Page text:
7: The Shipman's Tale Questions and Answers
1. How does the wife in the story obtain the money she needs for her new dress?
2. How is Don John's loan actually repaid and by whom?
3. Does the merchant learn of the arrangement between his wife and Don John?
4. What elements of the fabliau are obvious in this tale?
5. What does the author seem to be saying about marriage?
6. What rationale does the wife use to convince the husband that she really must be well-dressed?
7. Does the husband, who is a merchant, appear to be miserly or just careful?
8. What makes the monk Don John unattractive as a person?
9. How does the merchant in this story seem to parallel the pilgrim Merchant?
10. Why is this tale suited to the Shipman? (refer to General Prologue)
1. She borrows it from the monk, Don John.
2. The wife spends the night making love to Don John. That is the repayment.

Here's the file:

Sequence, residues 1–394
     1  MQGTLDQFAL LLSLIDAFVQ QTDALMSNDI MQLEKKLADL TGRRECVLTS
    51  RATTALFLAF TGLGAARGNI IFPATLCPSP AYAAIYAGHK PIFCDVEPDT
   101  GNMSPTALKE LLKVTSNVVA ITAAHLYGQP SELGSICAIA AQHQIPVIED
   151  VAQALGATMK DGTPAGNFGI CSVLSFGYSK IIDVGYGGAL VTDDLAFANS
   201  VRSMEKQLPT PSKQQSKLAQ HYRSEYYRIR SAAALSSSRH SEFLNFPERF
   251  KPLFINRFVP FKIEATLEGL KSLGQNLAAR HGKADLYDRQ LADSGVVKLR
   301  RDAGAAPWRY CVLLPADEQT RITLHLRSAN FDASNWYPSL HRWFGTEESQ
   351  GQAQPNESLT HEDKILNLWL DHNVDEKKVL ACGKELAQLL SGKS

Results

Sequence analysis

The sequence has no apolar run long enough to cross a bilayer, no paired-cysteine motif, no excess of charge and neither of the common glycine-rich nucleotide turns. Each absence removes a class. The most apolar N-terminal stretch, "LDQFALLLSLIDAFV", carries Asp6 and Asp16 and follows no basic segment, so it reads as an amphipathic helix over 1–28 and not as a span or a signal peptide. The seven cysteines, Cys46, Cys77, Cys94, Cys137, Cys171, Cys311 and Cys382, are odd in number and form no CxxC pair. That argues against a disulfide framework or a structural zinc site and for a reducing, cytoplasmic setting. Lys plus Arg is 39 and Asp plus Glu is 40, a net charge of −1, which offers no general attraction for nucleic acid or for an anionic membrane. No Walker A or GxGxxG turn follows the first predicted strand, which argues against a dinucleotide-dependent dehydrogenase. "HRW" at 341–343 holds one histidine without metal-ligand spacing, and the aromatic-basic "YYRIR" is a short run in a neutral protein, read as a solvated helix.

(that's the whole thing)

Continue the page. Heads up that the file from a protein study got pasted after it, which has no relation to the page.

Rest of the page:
3. The merchant never learns nor suspects the arrangement.
4. Infidelity; the trickery of the husband; and the sexual nature of the tale are the obvious fabliau elements here.
5. Wives cannot be trusted where other men and finery are involved.
6. She tells him that her attractiveness reflects well on him.
7. He is careful.
8. He is a very conniving and disloyal friend to the merchant. He also betrays his vows as a monk.
9. The Merchant on the pilgrimage is said to be a gambler and risk-taker. The merchant in the tale has risked all by purchasing more merchandise than he can pay for on the speculation that it will sell well and earn him a profit.
10. The Shipman has travelled all over and is familiar with many foreign ports, such as St. Denis where this story is set. He is unscrupulous just like the monk who cuckolds the merchant. He wants no moralizing or preaching so his characters seem to have no consciences.